Notwithstanding the loss- the assumption by the Corporation of $50,000,000 of losses that would otherwise have fallen on the depositors in these 390 banks, the Corporation itself has accumulated a surplus of $325,000,000. The Corporation could be liquidated today, and could repay all of the insurance assessments paid by the banks, and the entire contribution of the Government, together with a dividend on the contribution of the Government of 7 percent.

Well, that's not a suggestion that we should liquidate the Federal Deposit Insurance Corporation, but it just shows that if we would liquidate it we would come out in very, very nice shape. This insurance of deposits today is providing full protection for more than—this is a perfectly amazing figure —more than 65,000,000 accounts in the banks in this country. That is a very amazing thing. The bank loans in the prosecution of the war to agriculture and industry are very definitely promoting production of food and essential civilian and war goods. It's rather an interesting report. It's worth a story on.

Q. Mr. President, everybody is thinking about income taxes now. Did you ever —

THE PRESIDENT: (interposing) I am, too. (Laughter)

Q. (continuing) I thought so. Did you ever express yourself, or will you, on—I don't like to say the "Ruml Plan," but any plan for getting on a current payment basis —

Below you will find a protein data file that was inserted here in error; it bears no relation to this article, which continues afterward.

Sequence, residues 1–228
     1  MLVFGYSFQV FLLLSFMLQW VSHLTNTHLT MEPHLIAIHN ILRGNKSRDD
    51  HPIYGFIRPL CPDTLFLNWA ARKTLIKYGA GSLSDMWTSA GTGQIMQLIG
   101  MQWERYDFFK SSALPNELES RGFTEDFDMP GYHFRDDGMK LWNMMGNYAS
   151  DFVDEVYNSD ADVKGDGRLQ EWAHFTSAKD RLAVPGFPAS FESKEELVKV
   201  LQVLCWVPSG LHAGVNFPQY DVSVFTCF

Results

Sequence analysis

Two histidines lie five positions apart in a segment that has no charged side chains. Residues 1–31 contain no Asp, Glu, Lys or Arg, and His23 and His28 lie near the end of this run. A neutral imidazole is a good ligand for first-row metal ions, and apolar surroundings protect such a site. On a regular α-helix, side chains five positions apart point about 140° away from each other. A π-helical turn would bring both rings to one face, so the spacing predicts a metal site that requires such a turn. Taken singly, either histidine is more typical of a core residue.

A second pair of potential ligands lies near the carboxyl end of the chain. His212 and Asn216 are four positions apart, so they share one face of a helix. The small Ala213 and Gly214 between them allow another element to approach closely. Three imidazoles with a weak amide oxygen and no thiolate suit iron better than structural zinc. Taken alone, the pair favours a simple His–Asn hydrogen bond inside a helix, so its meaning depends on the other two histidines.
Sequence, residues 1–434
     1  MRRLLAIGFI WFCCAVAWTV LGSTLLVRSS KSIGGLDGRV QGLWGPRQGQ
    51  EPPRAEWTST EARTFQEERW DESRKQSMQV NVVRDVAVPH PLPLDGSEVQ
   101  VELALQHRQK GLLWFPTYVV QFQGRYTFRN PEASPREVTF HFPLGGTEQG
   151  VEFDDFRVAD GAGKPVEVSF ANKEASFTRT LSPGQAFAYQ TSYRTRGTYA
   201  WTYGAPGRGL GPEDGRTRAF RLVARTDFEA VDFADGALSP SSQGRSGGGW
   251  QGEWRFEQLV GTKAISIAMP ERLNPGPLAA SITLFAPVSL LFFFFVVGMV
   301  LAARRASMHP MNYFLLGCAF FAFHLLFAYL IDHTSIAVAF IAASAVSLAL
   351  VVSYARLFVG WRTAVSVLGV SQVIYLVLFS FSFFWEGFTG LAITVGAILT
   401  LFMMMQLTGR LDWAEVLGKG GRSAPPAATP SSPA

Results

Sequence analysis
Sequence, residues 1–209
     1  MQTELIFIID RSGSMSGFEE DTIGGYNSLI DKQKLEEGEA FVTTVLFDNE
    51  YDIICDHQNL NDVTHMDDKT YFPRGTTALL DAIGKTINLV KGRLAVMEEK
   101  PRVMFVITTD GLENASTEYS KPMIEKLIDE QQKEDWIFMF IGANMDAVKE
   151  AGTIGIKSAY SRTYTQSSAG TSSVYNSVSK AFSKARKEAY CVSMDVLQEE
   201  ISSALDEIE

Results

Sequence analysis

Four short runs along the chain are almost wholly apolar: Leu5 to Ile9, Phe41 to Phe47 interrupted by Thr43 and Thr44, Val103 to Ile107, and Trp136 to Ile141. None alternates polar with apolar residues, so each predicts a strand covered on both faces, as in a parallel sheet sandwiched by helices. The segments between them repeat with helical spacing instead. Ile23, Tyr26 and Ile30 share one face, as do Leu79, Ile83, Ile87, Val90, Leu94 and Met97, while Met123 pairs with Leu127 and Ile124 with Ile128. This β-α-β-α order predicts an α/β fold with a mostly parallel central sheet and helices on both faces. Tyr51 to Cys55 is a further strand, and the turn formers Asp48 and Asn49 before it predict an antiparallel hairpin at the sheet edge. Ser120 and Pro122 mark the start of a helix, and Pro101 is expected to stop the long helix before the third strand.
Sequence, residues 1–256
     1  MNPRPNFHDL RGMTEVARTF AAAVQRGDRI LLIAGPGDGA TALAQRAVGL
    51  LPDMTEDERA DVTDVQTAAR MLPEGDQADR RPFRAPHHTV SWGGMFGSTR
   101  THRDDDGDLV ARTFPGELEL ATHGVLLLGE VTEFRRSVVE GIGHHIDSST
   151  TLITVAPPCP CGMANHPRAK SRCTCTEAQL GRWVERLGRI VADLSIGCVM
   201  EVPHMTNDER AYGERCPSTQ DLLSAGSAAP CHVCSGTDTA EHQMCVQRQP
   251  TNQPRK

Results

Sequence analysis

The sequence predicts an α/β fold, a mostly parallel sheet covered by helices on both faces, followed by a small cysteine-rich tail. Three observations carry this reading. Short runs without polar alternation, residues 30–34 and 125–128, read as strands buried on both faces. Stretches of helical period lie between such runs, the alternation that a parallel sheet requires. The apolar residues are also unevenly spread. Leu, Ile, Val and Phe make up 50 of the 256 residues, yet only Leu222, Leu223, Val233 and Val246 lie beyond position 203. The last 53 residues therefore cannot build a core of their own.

THE PRESIDENT: (interposing) No, I don't think so. After all it's rather squarely a Congressional function. I know —

Q. (interjecting) Talk about it in principle.

THE PRESIDENT: (continuing) We talked about it in theory a couple of months ago. And the fact, of course, still remains: the individual, especially in the higher brackets, does save a great deal of money in taxes to the Government through the Ruml Plan. In other words, the richer individual taxpayer will pay less money to the Government, under the Ruml Plan—actual drawing of checks out of his bank payable to the Collector of Internal Revenue. Now that seems to be pretty well established. Instead of which, of course, in other countries- England, for instance, where the war is going on —the more people had, the more they contributed to the Government. Period.

And I don't think I need say anything else, except to bring out that simple fact, that in most of the cases the richer the person, the greater the income of the person, the more saving they make out of actual tax payments to the Government in the year 1943. . . .

Q. I would like to ask you if you have any comment to make on this other query from my office the other night, saying that Erika Mann, the daughter of the German novelist, Thomas Mann, was making a lecture tour in which she was saying that Premier Joseph Stalin was present at Casablanca, and that the press was going to be awfully sore about it when they found out.

THE PRESIDENT: (laughing) He must have been under the table. (Loud laughter) We didn't see him. Pretty clever stunt if he was. (More laughter)

Q. Mr. President, when you came back from Casablanca you were asked whether you planned to see Premier Stalin, and you said that "Hope springs eternal."


Q. Is there any more definite news on that?

THE PRESIDENT: No. Not yet. (Laughter)

Q. Thank you, Mr. President.

Franklin D. Roosevelt, Excerpts from the Press Conference Online by Gerhard Peters and John T. Woolley, The American Presidency Project